ANYway, my interview was set for 2 PM and it was just after 1 PM. I drove up to the university and sat in my car, eating pretzels and listening to the radio. After making my way to the office of Professor Thompson, I was still about forty-five minutes early. So I paced. A lot. For about half an hour. Finally, I knocked on his office door, only to find out that they had finished early and were waiting on me, and had been leaving frantic messages on my answering machine. Oops.
I arrived on the scene, a bit out of breath, and was introduced all around. The sound guy gave me one of those microphone clip things to snake through my shirt, and a little mike pack. I sat down in the hot seat while they adjusted the lighting and background for about thirty minutes. I'm not kidding. Like I wasn't nervous enough.
Finally, the interview began. After I gave some background on myself and the site, Ted tossed out some softballs, like "Why do people watch the show?" and "Why do people want to discuss it online?" It soon became clear to me that I was "Web Girl" and that he didn't necessarily want my opinions on the show -- he wanted to know what "people on the Internet" thought. So, I ended up speaking for the entire Internet community. I hope you all don't mind.
The questions were pretty basic, and I hope that I answered them competently. I was very nervous, and I tend to make a lot of goofy faces to express my points, which I'm sure will come across on camera like I have Tourette's or something. The only sticking point was when Ted asked me to discuss some of the other Real World sites on the web, which I wasn't comfortable doing. I felt like it wasn't my place to speak for those sites, and if they wanted to know what those sites were about, maybe they could just ask them. Also, I didn't want to inadvertently badmouth any competitors, because I just think it's bad form. Ted wasn't very happy with my decision, and kept re-asking the question in different ways until he finally realized that I just wasn't going to answer it. The whole time, I kept thinking, "This is what Melissa was talking about when she said that the producers get you to say what they need to further their storyline." I wanted very badly to cave, and just start talking trash, because it would have made Ted happy, and I'm a people-pleaser. But I think I was firm. Of course, you all can judge that when you see the special.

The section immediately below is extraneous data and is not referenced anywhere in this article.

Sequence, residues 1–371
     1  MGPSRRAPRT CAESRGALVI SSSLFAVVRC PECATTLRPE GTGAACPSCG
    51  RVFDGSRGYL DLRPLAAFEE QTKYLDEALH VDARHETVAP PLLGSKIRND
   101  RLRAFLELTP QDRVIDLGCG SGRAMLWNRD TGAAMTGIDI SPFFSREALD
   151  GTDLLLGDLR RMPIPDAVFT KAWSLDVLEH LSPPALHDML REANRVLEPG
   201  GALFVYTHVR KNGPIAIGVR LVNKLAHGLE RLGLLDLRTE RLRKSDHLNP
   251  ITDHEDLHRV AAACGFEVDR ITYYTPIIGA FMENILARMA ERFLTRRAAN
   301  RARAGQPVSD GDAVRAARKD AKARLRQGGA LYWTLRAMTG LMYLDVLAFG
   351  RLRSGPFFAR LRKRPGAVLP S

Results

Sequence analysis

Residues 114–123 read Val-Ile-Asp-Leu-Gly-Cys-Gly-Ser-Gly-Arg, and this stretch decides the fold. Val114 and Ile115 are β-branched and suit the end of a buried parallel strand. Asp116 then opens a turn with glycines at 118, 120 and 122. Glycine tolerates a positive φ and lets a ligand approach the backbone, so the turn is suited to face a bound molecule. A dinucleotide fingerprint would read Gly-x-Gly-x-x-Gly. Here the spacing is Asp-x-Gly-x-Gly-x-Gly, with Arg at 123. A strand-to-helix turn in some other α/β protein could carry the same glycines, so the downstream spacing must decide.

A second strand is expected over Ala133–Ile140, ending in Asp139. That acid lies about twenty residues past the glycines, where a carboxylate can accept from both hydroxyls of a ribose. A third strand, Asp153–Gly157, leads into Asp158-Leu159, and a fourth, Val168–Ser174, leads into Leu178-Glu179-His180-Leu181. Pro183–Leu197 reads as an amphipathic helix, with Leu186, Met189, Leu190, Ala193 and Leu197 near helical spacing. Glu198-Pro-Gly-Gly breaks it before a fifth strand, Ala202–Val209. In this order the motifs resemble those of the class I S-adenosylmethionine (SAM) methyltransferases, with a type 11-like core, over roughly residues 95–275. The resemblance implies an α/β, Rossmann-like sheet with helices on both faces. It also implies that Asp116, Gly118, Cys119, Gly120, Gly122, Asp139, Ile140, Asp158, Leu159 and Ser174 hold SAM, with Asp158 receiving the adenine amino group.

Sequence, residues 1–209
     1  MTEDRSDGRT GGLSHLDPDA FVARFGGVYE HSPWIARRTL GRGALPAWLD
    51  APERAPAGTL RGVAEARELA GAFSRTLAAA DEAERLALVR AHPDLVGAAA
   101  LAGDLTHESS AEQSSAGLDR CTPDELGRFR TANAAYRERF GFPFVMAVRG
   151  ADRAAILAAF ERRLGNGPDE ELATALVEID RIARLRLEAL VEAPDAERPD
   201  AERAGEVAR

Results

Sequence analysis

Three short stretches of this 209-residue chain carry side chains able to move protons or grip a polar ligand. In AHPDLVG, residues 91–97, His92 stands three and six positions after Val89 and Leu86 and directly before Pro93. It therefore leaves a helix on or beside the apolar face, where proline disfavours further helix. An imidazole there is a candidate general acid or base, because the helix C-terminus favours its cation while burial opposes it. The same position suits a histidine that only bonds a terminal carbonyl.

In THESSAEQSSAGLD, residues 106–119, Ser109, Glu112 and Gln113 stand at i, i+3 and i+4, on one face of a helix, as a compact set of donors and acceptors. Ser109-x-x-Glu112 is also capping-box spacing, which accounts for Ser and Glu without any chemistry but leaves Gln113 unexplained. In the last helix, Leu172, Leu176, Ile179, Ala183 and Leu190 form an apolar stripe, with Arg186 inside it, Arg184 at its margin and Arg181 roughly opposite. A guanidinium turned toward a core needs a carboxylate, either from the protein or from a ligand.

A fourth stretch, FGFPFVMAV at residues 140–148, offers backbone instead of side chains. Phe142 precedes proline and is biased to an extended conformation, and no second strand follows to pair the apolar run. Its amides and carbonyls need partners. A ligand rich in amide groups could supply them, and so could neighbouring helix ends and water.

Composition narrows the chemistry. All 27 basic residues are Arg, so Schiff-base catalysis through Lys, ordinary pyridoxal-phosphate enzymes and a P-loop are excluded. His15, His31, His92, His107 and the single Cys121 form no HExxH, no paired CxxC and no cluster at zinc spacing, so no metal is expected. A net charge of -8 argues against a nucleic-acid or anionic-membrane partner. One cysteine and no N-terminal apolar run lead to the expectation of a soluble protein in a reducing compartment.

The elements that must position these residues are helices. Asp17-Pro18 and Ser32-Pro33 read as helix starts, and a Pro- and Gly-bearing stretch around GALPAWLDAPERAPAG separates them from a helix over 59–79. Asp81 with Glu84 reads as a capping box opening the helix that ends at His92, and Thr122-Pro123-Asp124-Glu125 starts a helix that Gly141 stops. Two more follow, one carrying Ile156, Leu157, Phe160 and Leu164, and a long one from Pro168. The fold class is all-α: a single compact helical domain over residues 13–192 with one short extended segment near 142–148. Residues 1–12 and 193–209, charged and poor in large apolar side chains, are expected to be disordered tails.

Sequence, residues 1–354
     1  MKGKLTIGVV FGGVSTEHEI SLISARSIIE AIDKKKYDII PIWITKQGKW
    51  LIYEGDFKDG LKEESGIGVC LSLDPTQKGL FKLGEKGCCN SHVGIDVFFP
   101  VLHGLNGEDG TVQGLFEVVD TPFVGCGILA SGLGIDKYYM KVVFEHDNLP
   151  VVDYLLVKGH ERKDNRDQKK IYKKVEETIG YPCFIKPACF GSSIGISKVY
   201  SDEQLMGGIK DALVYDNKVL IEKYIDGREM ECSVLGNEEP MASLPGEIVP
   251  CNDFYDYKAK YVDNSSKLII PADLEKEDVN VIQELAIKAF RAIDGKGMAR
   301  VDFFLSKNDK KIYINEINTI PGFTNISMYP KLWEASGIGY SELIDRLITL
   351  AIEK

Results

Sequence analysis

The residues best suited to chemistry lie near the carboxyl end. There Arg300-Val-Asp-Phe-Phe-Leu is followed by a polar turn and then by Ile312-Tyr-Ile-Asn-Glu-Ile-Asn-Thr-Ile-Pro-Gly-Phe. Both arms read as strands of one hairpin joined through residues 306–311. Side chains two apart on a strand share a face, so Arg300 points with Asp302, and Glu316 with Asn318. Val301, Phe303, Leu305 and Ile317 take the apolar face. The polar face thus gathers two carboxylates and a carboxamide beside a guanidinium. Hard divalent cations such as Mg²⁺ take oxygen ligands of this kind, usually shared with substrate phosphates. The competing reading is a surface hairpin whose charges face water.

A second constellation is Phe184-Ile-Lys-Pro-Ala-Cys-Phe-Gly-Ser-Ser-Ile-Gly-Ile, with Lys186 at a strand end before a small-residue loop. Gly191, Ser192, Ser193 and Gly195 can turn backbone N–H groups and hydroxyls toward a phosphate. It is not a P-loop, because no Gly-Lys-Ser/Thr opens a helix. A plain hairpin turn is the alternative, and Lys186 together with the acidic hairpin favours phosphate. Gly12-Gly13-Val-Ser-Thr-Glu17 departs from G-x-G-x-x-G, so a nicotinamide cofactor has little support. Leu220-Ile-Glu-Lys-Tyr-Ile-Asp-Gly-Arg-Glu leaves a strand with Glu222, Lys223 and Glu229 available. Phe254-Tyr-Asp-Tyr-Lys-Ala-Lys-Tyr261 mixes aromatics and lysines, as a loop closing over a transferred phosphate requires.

The only thing that bothers me about the interview in retrospect is this: I think I was a little too "People of the Web, join hands, start a Love Train." Ted asked me a lot of questions about anonymity and the Internet, and if people say things they might not otherwise say. Well, of course they do. But I was concerned that the piece might turn into an "evils of the Internet" thing, so I tried to emphasize how the Internet can bring people together and help them see opposing points of view. And I might have gone a little too far that way. Oh well.